3 Note Per String Scale Patterns

3 note per string scale patterns are favoured amongst shred guitar players, but the patterns have caused controversy amongst the online guitar community. Let’s take a look at what 3 note per string patterns are and how they can benefit your playing.

What Are Three Note Per String Scale Patterns On Guitar?

I always like to spell out things that appear obvious, because I’m always the guy that never picks up on the obvious.

Three note per string scales, are scales that are arranged on the guitar, by placing three notes on each string.

Let’s say we wanted to play a C major scale, which has the following notes:


There are several ways we could arrange those notes on the guitar. To make a stupid example, we could arrange the notes in the following way:

The worlds worst C major scale

But, as you can see… that is not a very helpful way to layout the scale. We can’t do anything with that.

However, if we were to place three notes on each string:

Partial three note per string C major scale

We would start to create something useful. By continuing through several octaves of the scale, we can create a “full” scale pattern, with 3 notes on each string:

C major scale, also known as C Ionian, or, the Ionian position of C major

Now, this is a lot more useful than our first attempt, and creates several very nice benefits for our guitar playing.

Why Are They Useful?

So now we understand what a three note per string scale is, let’s look at the different ways it can benefit your playing:

1. Consistency of Pick Direction

Three note per string scales are the only way of arranging 7 note scales that give you a beautiful consistency with your pick direction.

Look at the following tab for the above three note per string major scale, with the pick strokes added:

Let’s take a look in detail at what happens when we change string:

Close up view of ascending string changes

The major benefit of this scale, is that as the pick moves in the direction of the string change. We get the same effect on the descending section of the scale:

Close up view of descending string changes

Again, we can see that the pick stroke starts naturally in the direction that the pick is moving in.

This consistency of pick direction, or economy of motion, is why shredders love 3 note per string scales, as it allows you to, with practice, generate massive speed for playing your scale.

2. Three Note Per String Shapes Create Memorable Patterns

If we take another look at the C major three note per string scale:

We can break the scale down into three distinct patterns as follows:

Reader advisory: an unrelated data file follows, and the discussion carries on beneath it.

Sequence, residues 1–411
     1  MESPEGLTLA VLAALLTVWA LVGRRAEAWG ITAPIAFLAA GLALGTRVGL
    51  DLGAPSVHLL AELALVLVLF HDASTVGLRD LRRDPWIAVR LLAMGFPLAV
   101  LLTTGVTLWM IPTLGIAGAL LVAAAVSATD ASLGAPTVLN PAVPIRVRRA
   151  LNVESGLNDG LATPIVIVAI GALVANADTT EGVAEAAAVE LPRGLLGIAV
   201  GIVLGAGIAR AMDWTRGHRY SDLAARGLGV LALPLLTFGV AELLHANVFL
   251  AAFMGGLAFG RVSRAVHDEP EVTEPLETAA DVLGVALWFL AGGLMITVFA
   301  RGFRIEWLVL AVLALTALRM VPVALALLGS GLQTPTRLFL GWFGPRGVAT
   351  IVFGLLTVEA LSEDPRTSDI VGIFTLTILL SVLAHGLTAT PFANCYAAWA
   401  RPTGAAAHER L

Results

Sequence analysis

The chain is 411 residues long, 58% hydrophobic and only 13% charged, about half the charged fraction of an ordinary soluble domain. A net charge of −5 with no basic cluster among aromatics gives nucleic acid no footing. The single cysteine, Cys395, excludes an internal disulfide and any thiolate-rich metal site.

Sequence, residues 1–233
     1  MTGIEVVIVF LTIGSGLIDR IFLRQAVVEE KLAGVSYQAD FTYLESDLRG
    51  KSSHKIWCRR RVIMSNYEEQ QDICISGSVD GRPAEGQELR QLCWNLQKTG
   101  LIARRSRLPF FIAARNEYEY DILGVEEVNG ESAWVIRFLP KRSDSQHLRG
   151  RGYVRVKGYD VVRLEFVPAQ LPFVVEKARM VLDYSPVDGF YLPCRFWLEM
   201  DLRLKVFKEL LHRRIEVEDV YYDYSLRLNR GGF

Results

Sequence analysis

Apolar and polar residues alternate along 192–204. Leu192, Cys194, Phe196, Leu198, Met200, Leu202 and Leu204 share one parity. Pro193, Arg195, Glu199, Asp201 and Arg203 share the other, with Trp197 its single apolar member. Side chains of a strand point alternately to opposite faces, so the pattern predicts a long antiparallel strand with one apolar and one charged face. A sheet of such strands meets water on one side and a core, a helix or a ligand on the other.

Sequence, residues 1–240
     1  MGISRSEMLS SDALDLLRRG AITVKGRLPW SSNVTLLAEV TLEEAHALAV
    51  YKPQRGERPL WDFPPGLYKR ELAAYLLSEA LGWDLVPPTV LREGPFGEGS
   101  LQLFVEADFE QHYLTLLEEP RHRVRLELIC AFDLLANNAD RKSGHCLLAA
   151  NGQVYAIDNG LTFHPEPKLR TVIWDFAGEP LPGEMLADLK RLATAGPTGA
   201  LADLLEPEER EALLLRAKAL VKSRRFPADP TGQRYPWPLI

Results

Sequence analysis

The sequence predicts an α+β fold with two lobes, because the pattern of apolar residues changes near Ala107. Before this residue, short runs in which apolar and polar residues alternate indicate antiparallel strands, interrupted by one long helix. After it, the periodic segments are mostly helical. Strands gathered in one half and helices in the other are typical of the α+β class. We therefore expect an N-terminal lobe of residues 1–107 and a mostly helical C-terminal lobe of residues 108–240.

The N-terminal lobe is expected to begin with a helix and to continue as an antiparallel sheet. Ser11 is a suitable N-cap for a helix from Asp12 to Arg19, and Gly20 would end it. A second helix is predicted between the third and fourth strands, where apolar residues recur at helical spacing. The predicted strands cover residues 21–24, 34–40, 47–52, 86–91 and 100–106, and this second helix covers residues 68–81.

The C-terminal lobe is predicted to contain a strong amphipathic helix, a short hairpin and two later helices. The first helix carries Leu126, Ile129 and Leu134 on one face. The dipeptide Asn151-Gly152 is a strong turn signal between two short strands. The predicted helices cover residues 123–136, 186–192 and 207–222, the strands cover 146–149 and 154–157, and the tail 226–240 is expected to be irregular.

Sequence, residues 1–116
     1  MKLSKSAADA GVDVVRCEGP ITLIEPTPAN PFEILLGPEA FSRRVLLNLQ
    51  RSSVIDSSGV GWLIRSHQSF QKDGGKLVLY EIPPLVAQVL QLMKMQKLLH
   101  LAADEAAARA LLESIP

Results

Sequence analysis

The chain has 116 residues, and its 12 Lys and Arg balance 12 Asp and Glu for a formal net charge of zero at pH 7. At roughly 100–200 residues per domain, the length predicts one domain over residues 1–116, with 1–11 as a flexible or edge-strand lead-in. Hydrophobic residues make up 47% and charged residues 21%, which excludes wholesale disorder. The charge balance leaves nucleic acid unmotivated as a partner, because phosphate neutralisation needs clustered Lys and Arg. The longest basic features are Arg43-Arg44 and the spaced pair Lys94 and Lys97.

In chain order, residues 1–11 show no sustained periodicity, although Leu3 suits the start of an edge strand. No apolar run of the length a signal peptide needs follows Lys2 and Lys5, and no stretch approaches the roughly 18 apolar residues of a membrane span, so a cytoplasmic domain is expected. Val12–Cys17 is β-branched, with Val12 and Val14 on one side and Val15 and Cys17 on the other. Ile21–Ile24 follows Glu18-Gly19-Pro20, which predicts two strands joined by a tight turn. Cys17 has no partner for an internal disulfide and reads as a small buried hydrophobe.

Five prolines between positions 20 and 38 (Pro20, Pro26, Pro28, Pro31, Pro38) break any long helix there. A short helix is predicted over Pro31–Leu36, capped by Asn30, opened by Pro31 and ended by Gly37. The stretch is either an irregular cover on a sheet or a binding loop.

And when we look at the scale patterns in this series, we find that a lot of these sub-patterns repeat.

What Are The Alternatives?

Three note per string scales are not the only way to play scales on guitar.

There is one popular alternative called CAGED, and a lesser known system of 4/3 note per string scales.

What is the CAGED Scale System?

This is a system for arranging scale notes around the open chord patterns for the C major, A major, G major, E major and D major chords. It is probably the most popular scale system for guitar.

I don’t know why.

When you start to look into modes, there are 7 modes to the major scale. CAGED has 5 patterns. 5 patterns for 7 modes? This gives rise to things such as the “Dorian / Phrygian” mode in CAGED, which, does not make sense.

As far as it being a system for understanding how a major scale is arranged around a chord shape, it works. However, I find myself asking why that is an approach that should be taken in the first place?

You can get the same understanding just by learning your arpeggios.

3 note per string also gives you a huge technical advantage over CAGED. In the CAGED system, you end up with 3 notes on most strings, and 2 notes on others. This means that, your pick has to occasionally jump a string and reverse direction, rather than move through in one fluid motion.

I wouldn’t recommend learning it.

4/3 Note Scale Patterns

I’ve rarely seen these talked about, although I have read that Yngwie Malmsteen likes to use them.

In this system, we place 4 notes on one string, three notes on the next.

So, if we were to take a C major scale:


We could arrange the notes in the following way:

A 4/3 Note C Major Scale

We would think of playing it in the following way:

By using the slide, we are able to keep the consistency in the right have with the pick:

A major advantage of this scale system is, the single pattern can quickly give us a three octave scale, as follows:

4/3 note C major scale over 3 octaves

And if we were to play this as a tab:

Tab for the above neck diagram

When descending, we may want to use an alternative version of this scale, but we cover that in more detail inside the members area.

To wrap up 4/3 note per string scales, I like them. I’ve heard some shredders say they can actually get more speed than they can with 3 note per string scales. The 4/3 note scales are also very simple, with just a single pattern giving us 3 octaves on the neck.

Who Should Learn Three Note Per String Scales?

Anyone who wants to shred. When you look at the system technically, but also conceptually, it is the perfect system. 4/3 scales are also great for shredders, and ideally, you would want to learn both, how to use them across keys and train on them.